The release of charming adventure games Shin chan: Me and the professor on summer vacation on the Nintendo Switch this week might not seem like a momentous occasion in the annals of gaming – low-budget licensed titles are rare. But like the recent Western debuts of Live A Live, Kowloon High-School Chronicleor Moon, Shin-chanits new release fills an important void in video game history.
Shin chan: Me and the professor on summer vacation is the first full-length game in the My Summer Vacation series to make it outside of Japan, where it is known as Boku no Natsuyasumi. The cult hit series about a 9-year-old who runs around the Japanese countryside making friends and catching bugs has never been released in English, and the series has been dormant since the fourth entry came out on the PSP in 2009. While Shin-chan doesn’t carry the My Summer Vacation name, it shares the series’ same developer, director, setting, plot, gameplay loop, fishing mini-games, hand-drawn backgrounds, and unique time progression mechanic. This is My summer vacation 5 in all but name and with a Shin-chan coat of paint.
The Summer Vacation games aren’t just a new one made in Japan; they were some of the most moving examples of the late 90s turn towards everyday life in Japanese game development. Globally, Shenmue, Animal crossingand Harvest Moon are the more famous examples of this trend in console gaming, but in Japan the Summer Vacation series stood alongside them. With the release of the spiritual Shin-chan sequel, we get a better picture of that creative moment.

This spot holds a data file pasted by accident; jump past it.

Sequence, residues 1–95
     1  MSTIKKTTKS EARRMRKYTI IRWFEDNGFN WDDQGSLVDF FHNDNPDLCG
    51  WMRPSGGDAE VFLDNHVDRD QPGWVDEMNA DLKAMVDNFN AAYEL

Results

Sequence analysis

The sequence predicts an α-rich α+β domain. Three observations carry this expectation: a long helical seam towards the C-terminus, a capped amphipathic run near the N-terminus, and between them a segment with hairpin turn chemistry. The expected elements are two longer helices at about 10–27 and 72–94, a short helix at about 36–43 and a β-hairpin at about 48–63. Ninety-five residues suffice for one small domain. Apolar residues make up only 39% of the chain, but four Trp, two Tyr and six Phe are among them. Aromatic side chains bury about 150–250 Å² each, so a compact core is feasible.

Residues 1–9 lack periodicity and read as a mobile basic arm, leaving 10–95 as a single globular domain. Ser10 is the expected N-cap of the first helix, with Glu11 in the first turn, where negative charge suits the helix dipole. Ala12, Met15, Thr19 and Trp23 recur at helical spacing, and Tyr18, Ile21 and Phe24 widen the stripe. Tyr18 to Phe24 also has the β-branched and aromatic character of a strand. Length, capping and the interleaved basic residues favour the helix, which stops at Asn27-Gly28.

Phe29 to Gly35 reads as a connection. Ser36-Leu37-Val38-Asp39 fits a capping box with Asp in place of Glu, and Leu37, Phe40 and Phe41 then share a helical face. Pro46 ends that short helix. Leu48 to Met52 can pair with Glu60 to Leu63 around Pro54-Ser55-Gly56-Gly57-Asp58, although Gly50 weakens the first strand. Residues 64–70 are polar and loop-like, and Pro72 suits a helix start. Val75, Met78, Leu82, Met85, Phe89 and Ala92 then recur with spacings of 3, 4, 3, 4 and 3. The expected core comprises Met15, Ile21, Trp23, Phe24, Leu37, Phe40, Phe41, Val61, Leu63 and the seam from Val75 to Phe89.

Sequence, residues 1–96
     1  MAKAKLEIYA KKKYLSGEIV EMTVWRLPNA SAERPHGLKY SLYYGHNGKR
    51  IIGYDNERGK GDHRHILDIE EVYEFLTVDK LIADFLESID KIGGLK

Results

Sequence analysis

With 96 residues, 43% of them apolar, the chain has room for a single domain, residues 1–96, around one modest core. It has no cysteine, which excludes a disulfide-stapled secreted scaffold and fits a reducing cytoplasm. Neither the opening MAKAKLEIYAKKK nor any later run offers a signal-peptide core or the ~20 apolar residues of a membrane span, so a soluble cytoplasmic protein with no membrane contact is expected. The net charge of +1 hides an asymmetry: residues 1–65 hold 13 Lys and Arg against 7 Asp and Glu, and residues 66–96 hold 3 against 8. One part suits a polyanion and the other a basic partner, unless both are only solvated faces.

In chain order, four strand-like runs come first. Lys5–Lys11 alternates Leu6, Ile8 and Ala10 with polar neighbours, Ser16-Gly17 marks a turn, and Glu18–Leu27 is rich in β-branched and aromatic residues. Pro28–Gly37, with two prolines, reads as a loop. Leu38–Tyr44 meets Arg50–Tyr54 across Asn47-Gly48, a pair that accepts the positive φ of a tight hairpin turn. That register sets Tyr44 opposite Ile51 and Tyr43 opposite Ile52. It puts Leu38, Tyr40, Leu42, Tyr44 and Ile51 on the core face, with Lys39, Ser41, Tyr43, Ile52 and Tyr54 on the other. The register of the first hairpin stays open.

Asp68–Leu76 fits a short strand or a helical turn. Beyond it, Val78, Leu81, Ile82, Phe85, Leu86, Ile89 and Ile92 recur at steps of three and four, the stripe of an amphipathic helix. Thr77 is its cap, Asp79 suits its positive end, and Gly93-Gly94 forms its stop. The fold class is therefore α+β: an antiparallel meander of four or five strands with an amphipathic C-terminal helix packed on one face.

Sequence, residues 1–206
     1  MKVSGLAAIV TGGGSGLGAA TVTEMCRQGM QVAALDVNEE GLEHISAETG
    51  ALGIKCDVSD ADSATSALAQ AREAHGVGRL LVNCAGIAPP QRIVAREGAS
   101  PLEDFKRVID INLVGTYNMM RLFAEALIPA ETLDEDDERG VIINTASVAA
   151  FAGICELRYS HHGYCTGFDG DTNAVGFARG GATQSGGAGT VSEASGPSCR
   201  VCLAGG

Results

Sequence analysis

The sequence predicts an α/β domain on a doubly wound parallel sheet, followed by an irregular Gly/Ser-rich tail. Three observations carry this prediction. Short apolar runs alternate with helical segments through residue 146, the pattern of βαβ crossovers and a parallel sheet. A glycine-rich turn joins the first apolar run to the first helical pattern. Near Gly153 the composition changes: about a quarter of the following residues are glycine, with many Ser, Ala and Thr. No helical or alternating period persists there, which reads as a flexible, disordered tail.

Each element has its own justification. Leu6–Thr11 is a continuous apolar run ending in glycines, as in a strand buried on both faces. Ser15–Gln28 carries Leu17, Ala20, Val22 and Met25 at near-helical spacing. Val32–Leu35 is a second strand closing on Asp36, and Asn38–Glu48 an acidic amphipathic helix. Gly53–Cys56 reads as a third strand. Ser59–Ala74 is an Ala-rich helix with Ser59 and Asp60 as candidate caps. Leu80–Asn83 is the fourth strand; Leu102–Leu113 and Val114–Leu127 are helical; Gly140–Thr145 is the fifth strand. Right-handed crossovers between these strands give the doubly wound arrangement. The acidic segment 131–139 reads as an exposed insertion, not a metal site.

Millennium Kitchen boss Kaz Ayabe based the Summer Vacation series on his own childhood rooms in the countryside, the same source of inspiration that prompted Yasuhiro Wada to create Harvest Moon, and, most famously, Satoshi Tajiri for creating Pokémon. The plot of every summer vacation is the same: A boy named Boku (“me” in Japanese) visits his family in the boonies, and he fills the long days with swimming, hiking, and chatting with the locals amid quaint, dusty buildings and picturesque rolling fields.
Ayabe puts a lot of effort into capturing the geography of rural Japan. “When I start making a game, I start by drawing a map,” Ayabe said in an interview with Scroll. Each town in a summer vacation game consists of non-scrolling screens, like a LucasArts-era adventure game, stitched together to form walking paths. Time only moves in the game as Boku moves from one screen to another, and since time is limited, this traversal gives it a risk-reward dynamic unique to the series.